The fate of the Lucas Museum project in Chicago was thrown into major doubt Tuesday after Friends of the Parks declared its opposition to any lakefront site, prompting the Lucas camp to announce that it was “seriously pursuing locations outside of Chicago.”
Juanita Irizarry, the parks group’s executive director, acknowledged that the city’s alternative proposal for a museum on the McCormick Place lakefront site had led to a split within her group. But Friends of the Parks, which has sued to block the project, was taking a firm stand, she said: “We maintain there should not be development on the lakefront.”
That position prompted Mellody Hobson, a Chicago financial executive and wife of “Star Wars” creator George Lucas, to issue a sharp statement complaining that “this process has been co-opted and hijacked by a small special interest group.”
“In refusing to accept the extraordinary public benefits of the museum, the Friends of the Parks has proven itself to be no friend of Chicago,” Hobson said. “We are now seriously pursuing locations outside of Chicago. If the museum is forced to leave, it will be because of the Friends of the Parks and that is no victory for anyone.”
Hobson said the museum would bring more than $2 billion in economic benefit to the city, thousands of jobs and education opportunities for children.
“As an African-American who has spent my entire life in this city I love, it saddens me that young black and brown children will be denied the chance to benefit from what this museum will offer,” she said.
The back-and-forth came one day after the parks group agreed to a 30-day pause in its federal lawsuit against the original proposed museum location south of Soldier Field. But the city of Chicago and the Chicago Park District withdrew the motion to stay the case Tuesday afternoon, throwing the next steps in doubt. They had requested that delay to allow time for the state legislature to consider tax aspects of the McCormick Place Lakeside Center plan.
Irizarry said that, at this point, the group would either amend its existing lawsuit to target the Lakeside Center site or file a new suit, attempting to apply the same public trust and lakefront protection principles the group has outlined as the reasons that the project does not belong near Lake Michigan.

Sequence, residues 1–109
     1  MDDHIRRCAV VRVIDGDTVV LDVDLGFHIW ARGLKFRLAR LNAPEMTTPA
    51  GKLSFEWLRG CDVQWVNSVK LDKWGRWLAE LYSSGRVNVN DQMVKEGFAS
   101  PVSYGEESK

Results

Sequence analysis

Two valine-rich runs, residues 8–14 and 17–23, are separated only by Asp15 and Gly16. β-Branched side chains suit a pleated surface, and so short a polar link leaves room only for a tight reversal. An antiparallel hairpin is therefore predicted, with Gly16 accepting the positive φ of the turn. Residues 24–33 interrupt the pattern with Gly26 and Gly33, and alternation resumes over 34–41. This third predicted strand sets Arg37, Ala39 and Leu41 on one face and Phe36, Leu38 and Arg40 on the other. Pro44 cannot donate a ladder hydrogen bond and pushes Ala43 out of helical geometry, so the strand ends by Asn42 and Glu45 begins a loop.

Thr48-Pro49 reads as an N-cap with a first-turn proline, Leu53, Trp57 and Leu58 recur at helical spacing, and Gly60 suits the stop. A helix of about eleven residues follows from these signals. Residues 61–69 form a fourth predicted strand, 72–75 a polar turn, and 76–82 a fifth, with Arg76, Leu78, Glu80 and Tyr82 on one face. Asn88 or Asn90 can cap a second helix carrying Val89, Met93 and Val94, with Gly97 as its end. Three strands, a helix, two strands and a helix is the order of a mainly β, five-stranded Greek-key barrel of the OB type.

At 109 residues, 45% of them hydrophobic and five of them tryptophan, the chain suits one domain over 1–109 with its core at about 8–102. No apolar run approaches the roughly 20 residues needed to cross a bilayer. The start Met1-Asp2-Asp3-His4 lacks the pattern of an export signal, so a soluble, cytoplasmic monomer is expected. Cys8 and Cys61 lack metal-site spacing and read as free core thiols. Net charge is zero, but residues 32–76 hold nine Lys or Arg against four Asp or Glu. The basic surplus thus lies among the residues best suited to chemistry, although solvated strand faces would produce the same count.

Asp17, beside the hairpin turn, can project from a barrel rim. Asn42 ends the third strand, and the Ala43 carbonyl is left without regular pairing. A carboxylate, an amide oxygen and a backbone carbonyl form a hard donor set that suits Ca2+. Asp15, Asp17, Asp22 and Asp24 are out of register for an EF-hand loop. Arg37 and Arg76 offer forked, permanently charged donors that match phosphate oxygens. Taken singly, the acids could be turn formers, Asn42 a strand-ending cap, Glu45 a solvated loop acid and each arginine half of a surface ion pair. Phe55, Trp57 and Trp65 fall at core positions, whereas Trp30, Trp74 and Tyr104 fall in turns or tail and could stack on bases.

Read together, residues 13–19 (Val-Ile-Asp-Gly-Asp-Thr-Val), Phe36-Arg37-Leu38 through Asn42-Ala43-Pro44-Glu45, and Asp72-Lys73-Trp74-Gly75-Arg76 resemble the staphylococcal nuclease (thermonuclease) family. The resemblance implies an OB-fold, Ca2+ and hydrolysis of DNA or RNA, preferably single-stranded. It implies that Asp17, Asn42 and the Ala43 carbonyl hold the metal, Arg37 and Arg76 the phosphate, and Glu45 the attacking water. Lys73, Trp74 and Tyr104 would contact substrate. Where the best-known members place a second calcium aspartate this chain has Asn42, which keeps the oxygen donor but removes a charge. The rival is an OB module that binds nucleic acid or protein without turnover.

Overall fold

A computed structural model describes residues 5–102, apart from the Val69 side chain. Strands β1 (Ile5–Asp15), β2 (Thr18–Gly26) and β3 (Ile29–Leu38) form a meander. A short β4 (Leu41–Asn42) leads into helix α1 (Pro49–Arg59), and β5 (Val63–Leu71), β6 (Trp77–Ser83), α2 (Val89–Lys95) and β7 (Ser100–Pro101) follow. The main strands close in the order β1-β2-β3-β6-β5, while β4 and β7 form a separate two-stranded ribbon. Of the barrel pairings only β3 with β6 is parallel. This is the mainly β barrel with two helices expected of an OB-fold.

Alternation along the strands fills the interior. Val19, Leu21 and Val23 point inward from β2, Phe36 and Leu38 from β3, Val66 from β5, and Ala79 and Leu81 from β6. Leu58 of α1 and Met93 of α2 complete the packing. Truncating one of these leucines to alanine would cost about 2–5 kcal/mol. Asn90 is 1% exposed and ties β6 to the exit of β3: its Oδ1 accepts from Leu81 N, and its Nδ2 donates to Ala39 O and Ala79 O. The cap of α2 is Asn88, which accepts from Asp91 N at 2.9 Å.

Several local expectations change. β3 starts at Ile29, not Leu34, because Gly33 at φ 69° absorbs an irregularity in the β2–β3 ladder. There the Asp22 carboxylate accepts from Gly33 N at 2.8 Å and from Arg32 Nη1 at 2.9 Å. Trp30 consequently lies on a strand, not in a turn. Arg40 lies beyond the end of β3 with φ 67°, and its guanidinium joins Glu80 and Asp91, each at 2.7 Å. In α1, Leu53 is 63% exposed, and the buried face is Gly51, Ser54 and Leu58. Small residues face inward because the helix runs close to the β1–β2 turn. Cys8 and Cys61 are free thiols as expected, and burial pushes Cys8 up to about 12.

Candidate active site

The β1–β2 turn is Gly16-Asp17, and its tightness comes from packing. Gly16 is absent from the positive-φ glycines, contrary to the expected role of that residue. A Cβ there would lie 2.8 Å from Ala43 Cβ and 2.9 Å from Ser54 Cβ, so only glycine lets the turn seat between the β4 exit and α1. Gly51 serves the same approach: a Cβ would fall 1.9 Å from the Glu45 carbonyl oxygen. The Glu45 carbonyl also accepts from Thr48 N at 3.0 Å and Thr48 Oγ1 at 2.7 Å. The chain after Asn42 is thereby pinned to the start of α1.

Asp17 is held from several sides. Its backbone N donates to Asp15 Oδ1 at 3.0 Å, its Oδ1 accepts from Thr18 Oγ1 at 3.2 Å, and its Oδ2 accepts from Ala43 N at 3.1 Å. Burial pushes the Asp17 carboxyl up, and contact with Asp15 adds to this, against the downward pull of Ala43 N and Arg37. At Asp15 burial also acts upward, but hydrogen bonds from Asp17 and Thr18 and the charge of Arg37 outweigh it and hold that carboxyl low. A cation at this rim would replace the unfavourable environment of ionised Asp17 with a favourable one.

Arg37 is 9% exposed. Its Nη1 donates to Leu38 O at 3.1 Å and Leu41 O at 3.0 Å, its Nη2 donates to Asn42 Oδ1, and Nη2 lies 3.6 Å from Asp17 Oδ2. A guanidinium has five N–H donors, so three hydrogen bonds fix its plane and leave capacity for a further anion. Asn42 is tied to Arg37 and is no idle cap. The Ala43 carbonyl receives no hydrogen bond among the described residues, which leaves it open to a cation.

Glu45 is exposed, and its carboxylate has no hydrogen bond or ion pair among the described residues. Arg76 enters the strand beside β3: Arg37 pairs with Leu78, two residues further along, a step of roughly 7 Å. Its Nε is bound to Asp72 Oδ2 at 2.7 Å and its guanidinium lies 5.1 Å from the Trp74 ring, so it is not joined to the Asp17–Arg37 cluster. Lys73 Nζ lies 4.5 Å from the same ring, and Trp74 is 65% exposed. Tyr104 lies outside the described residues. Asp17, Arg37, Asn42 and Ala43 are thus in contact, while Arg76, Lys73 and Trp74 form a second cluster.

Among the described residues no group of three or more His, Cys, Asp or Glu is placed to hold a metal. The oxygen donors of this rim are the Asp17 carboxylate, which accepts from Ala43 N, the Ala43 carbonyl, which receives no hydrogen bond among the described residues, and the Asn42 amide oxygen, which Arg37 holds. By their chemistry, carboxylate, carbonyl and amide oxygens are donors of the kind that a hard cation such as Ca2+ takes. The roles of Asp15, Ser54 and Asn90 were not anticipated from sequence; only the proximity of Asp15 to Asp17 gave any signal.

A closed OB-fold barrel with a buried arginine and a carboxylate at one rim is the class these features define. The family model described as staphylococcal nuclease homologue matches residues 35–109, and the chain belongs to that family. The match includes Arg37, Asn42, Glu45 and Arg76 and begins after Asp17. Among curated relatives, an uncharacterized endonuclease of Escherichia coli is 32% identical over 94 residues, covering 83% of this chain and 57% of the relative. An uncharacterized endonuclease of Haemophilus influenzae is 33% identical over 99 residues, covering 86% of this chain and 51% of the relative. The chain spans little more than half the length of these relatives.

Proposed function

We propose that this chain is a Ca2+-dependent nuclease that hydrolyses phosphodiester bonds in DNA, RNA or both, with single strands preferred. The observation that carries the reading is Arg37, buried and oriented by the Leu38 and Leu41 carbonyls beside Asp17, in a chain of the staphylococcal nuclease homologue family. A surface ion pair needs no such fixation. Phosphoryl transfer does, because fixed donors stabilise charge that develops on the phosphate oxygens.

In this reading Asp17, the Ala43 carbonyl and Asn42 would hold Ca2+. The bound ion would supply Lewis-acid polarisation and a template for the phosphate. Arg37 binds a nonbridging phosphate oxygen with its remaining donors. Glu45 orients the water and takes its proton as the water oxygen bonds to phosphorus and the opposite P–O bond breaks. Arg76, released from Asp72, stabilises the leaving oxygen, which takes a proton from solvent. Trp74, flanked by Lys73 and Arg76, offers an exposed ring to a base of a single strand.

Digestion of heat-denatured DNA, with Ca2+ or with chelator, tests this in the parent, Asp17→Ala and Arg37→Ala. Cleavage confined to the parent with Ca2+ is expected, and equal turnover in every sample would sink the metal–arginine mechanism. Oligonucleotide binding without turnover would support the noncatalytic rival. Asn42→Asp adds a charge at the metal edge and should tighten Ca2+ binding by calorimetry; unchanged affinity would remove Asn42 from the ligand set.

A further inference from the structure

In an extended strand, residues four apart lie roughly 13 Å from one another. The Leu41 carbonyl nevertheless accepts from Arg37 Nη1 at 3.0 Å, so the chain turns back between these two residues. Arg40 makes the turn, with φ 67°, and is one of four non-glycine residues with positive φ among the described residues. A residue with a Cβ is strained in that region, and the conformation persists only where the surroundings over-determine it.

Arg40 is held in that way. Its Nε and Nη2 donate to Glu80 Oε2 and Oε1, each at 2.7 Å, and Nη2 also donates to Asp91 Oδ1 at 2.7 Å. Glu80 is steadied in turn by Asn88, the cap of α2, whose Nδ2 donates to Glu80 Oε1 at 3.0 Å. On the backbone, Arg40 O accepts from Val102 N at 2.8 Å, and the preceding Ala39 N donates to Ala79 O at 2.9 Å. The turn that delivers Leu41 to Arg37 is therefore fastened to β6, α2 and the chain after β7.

“I think the city should expect that we would continue with a court process against any site on the lakefront,” she said.
A spokeswoman for Mayor Rahm Emanuel expressed confusion at the group’s position.
“We’re disappointed and baffled at Friends of the Parks’ comments, which are contradictory to the decision they made less than 24 hours ago to stay the lawsuit,” spokeswoman Shannon Breymaier said in a statement. “Friends of the Parks has taken inconsistent and incoherent positions, making it impossible to work with them.”
A plan by the city and Lucas to build a museum housing a collection of his traditional and digital artwork at a site south of Soldier Field stalled because of the parks group’s federal lawsuit. With Lucas considering other cities, Emanuel last month proposed shifting the project south to the Lakeside Center convention hall, which would be torn down and replaced with the museum building and landscaped parkland.
The new plan requires the borrowing of nearly $1.2 billion, extending five taxes beyond their expiration date and state approval. The museum itself would be paid for by Lucas at a cost of $743 million.
Irizarry said ongoing negotiations with many interested parties have centered on support for parks and lakefront land in exchange for Friends of the Parks stepping aside in the Lucas Museum fight. She said membership and the group’s financial backers are split on whether to support or oppose the new project but that the group “has a high tolerance for risk” and will not stand down from its principles of advocating for a free, open and clear lakeshore.